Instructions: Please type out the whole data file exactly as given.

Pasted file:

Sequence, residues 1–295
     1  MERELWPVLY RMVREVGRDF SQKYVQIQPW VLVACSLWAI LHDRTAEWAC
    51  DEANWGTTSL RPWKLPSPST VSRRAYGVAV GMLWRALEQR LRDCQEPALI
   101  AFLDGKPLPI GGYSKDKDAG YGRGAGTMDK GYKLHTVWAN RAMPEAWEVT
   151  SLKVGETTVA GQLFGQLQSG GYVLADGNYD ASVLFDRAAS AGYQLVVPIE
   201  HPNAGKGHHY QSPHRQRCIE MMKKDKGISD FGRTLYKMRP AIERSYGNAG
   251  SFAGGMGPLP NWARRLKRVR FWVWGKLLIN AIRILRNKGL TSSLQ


Sequence, residues 1–295
     1  MERELWPVLY RMVREVGRDF SQKYVQIQPW VLVACSLWAI LHDRTAEWAC
    51  DEANWGTTSL RPWKLPSPST VSRRAYGVAV GMLWRALEQR LRDCQEPALI
   101  AFLDGKPLPI GGYSKDKDAG YGRGAGTMDK GYKLHTVWAN RAMPEAWEVT
   151  SLKVGETTVA GQLFGQLQSG GYVLADGNYD ASVLFDRAAS AGYQLVVPIE
   201  HPNAGKGHHY QSPHRQRCIE MMKKDKGISD FGRTLYKMRP AIERSYGNAG
   251  SFAGGMGPLP NWARRLKRVR FWVWGKLLIN AIRILRNKGL TSSLQ